The Phantom of the OperaEdit

An Andrew Lloyd Webber musical to languish in years of development, production on the film began in the early 1990s, with original stage stars Michael Crawford and Sarah Brightman. However, when Brightman and Lloyd Webber divorced, the project stalled. Various directors including Shekhar Kapur and stars such as John Travolta and Antonio Banderas came and went, before the film was finally produced in 2004 directed by Joel Schumacher and starring Emmy Rossum and Gerard Butler.[31]

Resident Evil Edit

An adaptation of the Capcom survival horror series Resident Evil, was announced in 1999 however the film was placed into development hell in early 2000 after producers disliked George A. Romero's screenplay of the adaptation.[32] In early 2001, the film was picked up by Paul W.S. Anderson as director.[33]

A Scanner Darkly Edit

A film adaptation of Philip K. Dick's novel A Scanner Darkly had been in development for years. According to the book Dark Knights & Holy Fools, director Terry Gilliam was interested in directing an adaptation of the book, but was unable to secure funding, and so the project was abandoned. At one point, Charlie Kaufman was tagged to adapt the screenplay, but when the project changed hands, Kaufman was no longer involved.[34] In 2006, an animated version directed by Richard Linklater using the rotoscoping process was released.

Superman Returns Edit

A remake/additional film of Superman,[35] titled Superman Lives, was initially proposed by producer Jon Peters; it was to be directed by Tim Burton and would star Nicolas Cage. This project was ultimately canceled, though there are several known versions of the script that took on possible storylines, such as Superman's death at the hands of Doomsday and his resurrection, departing from the established storyline at varying degrees.

Director Kevin Smith is said to have written a script for this picture and in interviews has discussed several alleged elements of his involvement with the project including the producer's insistence that Superman could not fly. Wolfgang Petersen was attached to develop a joint Superman/Batman film, Batman vs. Superman, but this also fell through.

A second script by J.J. Abrams had various directors attached with Brett Ratner, and McG actually commissioning set designs. In 2004, it was announced that production would start on a new script with Bryan Singer as director; this version was released in 2006. It has been said by producers and director Bryan Singer that a 2009 sequel is going ahead.[36]

Guns N' Roses' Chinese DemocracyEdit

Chinese Democracy is the name of the long-awaited sixth studio album by the hard rock band Guns N' Roses. It was released in November 2008 and was the band's first album of original studio material since the simultaneous release of Use Your Illusion I and Use Your Illusion II in 1991.

The Beach Boys' SmileEdit

Smile is an album by the Beach Boys, and perhaps the most famous unreleased rock and roll album of all time. The project was intended by its creator Brian Wilson as the follow up to The Beach Boys' influential album Pet Sounds (1966), but was never completed in its original form. The project was resurrected in 2003 and a newly recorded version was released by Beach Boys composer and leader Wilson in 2004. During the 37 years since its cancellation, Smile had acquired a considerable mystique, and bootlegged tracks from the never-completed album circulated widely among Beach Boys collectors. Many of the tracks that were originally recorded for Smile were eventually placed on subsequent albums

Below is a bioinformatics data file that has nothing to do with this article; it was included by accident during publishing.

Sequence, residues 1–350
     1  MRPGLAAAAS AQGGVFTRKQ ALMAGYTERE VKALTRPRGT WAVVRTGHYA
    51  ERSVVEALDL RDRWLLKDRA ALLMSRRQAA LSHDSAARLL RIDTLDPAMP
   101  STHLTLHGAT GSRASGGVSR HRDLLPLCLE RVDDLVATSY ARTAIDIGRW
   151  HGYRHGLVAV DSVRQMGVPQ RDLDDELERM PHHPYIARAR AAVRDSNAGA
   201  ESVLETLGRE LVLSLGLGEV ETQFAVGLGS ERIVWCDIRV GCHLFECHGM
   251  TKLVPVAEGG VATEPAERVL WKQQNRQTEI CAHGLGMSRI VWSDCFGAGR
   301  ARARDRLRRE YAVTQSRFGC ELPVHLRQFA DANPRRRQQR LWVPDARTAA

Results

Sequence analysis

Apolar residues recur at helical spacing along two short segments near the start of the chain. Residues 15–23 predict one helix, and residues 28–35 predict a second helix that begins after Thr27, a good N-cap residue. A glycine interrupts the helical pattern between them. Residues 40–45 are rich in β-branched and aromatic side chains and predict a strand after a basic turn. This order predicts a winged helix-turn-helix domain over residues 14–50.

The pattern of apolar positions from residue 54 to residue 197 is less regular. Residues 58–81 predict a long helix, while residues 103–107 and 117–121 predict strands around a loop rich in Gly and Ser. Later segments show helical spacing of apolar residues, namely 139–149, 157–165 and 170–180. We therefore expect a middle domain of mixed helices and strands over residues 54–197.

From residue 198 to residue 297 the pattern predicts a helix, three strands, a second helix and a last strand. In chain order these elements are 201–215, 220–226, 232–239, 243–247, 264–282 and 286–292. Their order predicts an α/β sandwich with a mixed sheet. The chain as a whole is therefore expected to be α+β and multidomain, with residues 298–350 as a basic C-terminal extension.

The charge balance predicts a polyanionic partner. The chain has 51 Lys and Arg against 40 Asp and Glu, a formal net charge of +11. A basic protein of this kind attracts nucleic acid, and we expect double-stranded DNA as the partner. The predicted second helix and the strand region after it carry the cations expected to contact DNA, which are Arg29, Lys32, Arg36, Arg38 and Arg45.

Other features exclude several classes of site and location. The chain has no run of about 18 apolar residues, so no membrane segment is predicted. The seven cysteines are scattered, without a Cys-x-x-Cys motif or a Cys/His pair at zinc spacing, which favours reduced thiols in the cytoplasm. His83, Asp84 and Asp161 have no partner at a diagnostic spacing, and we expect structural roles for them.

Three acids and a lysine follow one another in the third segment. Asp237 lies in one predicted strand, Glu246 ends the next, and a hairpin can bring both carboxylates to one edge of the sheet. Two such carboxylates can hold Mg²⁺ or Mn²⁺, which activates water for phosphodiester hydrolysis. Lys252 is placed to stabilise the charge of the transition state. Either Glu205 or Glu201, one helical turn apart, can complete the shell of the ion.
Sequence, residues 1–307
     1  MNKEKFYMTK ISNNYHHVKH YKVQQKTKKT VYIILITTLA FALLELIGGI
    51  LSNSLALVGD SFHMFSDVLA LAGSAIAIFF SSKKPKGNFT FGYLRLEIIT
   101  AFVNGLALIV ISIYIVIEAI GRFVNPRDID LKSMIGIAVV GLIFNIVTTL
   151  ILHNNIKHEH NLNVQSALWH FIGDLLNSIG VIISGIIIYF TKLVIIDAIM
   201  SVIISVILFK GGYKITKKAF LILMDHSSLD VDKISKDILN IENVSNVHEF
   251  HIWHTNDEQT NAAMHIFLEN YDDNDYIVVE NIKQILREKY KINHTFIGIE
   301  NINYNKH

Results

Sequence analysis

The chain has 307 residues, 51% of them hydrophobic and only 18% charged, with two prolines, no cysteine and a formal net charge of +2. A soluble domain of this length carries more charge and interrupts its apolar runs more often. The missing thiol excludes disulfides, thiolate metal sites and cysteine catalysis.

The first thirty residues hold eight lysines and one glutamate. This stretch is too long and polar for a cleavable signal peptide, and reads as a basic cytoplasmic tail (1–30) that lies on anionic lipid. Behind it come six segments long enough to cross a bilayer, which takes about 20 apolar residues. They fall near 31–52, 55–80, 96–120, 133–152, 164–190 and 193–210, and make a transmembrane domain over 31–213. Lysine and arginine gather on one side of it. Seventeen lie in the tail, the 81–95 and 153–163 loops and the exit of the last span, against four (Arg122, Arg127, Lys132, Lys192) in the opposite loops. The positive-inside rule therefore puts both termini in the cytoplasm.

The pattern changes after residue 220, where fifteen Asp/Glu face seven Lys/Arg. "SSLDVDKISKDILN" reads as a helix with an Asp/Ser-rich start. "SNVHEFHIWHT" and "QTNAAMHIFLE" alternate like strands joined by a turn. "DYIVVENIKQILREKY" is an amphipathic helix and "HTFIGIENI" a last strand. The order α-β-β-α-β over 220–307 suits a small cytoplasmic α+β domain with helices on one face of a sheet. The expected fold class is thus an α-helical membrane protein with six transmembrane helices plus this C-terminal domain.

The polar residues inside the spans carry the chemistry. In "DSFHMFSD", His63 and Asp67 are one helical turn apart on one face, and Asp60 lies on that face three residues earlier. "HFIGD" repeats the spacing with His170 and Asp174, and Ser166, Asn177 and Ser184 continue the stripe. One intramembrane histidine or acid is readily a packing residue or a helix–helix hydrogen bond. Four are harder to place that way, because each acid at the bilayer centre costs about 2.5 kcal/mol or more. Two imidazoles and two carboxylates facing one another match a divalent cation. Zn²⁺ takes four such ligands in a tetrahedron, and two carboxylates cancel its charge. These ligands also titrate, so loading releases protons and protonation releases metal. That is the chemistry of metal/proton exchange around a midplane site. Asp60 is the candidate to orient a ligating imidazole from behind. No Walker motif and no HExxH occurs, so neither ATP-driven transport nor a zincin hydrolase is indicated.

Jeep Grand CherokeeEdit

The Jeep Grand Cherokee was originally under development by American Motors as early as 1983 as a replacement for the Jeep Cherokee.[37] Development was done by 1987, and when then Chrysler CEO Lee Iacocca first heard about it, he desperately wanted it, as well as the Jeep brand. As a result, this became the driving force behind a Chrysler buyout of American Motors in 1987. Chrysler originally planned to release the Grand Cherokee in 1988, but Iacocca ordered instead for the Dodge Caravan and Plymouth Voyager to be redesigned,[37] and as a result, Chrysler couldn't put the Grand Cherokee into production due to a lack of corporate funds.[37] Because of this, the Grand Cherokee fell into development hell until it was finally released in 1993. The Grand Cherokee turned out to be a resounding success, and is still in production today.

Projects that were disbandedEdit

Ford EcostarEdit

During the fad for electric vehicles in the nineties, Ford was developing an electric vehicle called the Ecostar, which was based on the Ford Escort.[38] Although Chrysler and General Motors released their electric vehicles to the public, the Chrysler TEVan and General Motors EV1, respectively, the Ecostar dropped out of public sight as Ford focused on other projects and still hasn't been released.

Ford GN-34Edit

Ford began a project in the mid 1980s to build a 2 seater "fun car", which was to compete with the Pontiac Fiero and Toyota MR2.[39] Ford had jointly developed an engine for this car with Yamaha, which they locked in a deal with to produce. However, by the late 80s, popularity for the "fun" cars decreased dramatically, and Ford abandoned the project.[39] To use up the engines, Ford put them into the Ford Taurus, thus creating the high performance SHO model.[39]

Dragon FistEdit

After starting his own company, Green Ronin Publishing(GR), Chris Pramas announced that GR had been given (or purchased) back the rights to the wuxia-inspired Asian martial arts movies influenced AD&D add-on ruleset and campaign world that he originally wrote for TSR/Wizards of the Coast; and that GR would publish a new version of the game.